Review: Bare: A Pop Opera, The Vaults

Since its debut off-Broadway almost twenty years ago, the musical Bare: A Pop Opera has gained a cult following among fans and now returns to the stage with a limited run at the Vaults.

With music from Damon Intrabartolo and lryics by Jon Hartmere (who joined forces to write the book), the musical follows a group of high school students at an American Catholic boarding school. As the high schoolers put on a production of Romeo and Juliet, led by nun with attitude Sister Chantelle (Stacy Francis), they navigate issues relatable to teenagers today including sex, drugs, relationships and identity. Peter (Daniel Mack Shand) is an altar boy who’s in love with his roommate Jason (Darragh Cowley). The pair keep their relationship secret for fear of reprisals from their classmates and Peter’s mum, Claire (Jo Napthine). When Jason catches the eye of Ivy (Lizzie Emery), the drama eventually unfolds and their relationship leads to tragic consequences.

Directed by Julie Atherton, Bare is a fast-paced production, packed full of drama and emotion, but unfortunately the show is let down by the venue. While the Vaults is an imaginative performance space for some shows, with Bare it just doesn’t work. The t-shaped stage is far too long and narrow, resulting in missed moments when the action takes place at either end away from half of the audience. The sound issues continue when some of the performers are forced to compete with the impressive backing band (led by Musical Director Alasdair Brown), not to mention passing trains and can’t quite manage to do so; while at other times the main action is drowned out by unnecessary background movement. The staging also results in uncomfortable viewing for the packed in audience, many of whom will have to spend the two-and-a-half-hour duration looking at a 90-degree angle, perched on uncomfortable chairs.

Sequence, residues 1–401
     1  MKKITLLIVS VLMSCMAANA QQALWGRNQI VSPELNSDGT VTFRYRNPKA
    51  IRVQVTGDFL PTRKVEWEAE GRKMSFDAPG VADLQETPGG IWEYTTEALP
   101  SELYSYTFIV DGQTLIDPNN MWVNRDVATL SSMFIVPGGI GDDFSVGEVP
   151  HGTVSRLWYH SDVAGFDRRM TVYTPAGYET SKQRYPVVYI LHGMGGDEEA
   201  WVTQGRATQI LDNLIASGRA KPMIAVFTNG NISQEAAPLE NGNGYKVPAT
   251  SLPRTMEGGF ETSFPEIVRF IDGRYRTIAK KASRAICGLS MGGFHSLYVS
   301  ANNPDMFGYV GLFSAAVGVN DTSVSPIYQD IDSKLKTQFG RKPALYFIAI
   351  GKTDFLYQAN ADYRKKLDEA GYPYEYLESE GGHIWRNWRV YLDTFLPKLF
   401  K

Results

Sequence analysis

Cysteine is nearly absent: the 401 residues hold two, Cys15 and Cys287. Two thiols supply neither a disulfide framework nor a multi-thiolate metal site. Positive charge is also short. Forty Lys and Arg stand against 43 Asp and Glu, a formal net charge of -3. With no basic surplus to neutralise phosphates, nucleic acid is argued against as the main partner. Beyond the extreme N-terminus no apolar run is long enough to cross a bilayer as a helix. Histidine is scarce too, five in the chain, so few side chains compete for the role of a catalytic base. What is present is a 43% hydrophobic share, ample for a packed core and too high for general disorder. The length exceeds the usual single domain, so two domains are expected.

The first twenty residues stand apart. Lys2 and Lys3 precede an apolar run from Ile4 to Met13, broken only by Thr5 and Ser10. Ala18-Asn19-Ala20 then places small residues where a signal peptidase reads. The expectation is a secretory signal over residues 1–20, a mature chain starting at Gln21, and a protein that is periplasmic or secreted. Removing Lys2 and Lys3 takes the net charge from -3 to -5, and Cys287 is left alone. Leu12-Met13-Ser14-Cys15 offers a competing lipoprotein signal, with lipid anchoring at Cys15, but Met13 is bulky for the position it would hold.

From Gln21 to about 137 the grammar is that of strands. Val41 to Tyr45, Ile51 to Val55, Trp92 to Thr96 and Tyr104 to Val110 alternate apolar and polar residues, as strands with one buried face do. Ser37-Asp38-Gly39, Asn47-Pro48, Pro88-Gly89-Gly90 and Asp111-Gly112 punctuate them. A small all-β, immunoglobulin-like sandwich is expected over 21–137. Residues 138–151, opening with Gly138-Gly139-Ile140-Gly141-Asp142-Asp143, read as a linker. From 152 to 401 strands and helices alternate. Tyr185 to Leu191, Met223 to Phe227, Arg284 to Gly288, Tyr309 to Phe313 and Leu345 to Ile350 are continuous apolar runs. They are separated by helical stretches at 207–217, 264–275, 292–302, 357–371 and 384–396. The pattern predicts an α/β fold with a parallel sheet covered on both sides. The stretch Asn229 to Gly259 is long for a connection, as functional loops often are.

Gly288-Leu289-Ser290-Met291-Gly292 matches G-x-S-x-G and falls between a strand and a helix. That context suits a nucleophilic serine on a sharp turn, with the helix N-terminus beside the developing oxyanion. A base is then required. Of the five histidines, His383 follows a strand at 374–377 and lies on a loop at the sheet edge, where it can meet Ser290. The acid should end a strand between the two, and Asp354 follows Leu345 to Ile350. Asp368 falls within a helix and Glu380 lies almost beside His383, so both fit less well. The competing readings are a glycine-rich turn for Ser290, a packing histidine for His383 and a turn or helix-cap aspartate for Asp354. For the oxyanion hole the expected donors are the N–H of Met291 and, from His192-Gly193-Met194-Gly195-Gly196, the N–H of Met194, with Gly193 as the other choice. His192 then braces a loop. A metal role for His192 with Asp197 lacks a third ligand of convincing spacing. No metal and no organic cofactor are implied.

But there are brighter moments within this production, and they come in the form of Stacy Francis and Georgie Lovatt, who steal every scene they’re in. Francis is a vocal powerhouse, her rendition of God Don’t Make No Trash one of the highlights. She captures the nun’s frustration with the students perfectly and provides much of the comic relief. Likewise Lovatt excels as Nadia, Jason’s wickedly sarcastic, sharp-tongued sister who’s dealing with issues of her own. It’s hard to believe this is Lovatt’s professional debut as she belts out her numbers seemingly with ease, and she surely has a bright future ahead of her. Elsewhere Lizzie Emery comes into her own during the second act, her solo All Grown Up adding to the emotion of the piece; while Darragh Cowley and Daniel Mack Shand do a fine job as star-crossed lovers Jason and Peter, although at times their chemistry is lacking. While the large cast on the whole do well, one or two performers do lack the vocal power this musical needs to succeed.

While not all of the musical numbers are memorable, there are some witty, clever songs packed into the show, including Birthday, Bitch! And Plane Jane Fat Ass, accompanied by Stuart Rogers’ imaginative choreography, which makes good use of the sprawling stage and works to good effect with Andrew Ellis’s dramatic lighting (although the spotlight was a little too much at times).

Given the subject matter there’s sure to be comparisons to Spring Awakening, but currently this production isn’t quite in the same league. On the whole Bare: A Pop Opera is a promising musical with good ideas and a fine soundtrack performed by an enthusiastic and energetic cast. With a little tightening up and a more suitable venue, it could be great.

Bare: A Pop Opera plays at the Vaults until Sunday 4 August 2019.

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Photo credit: Tom Grace

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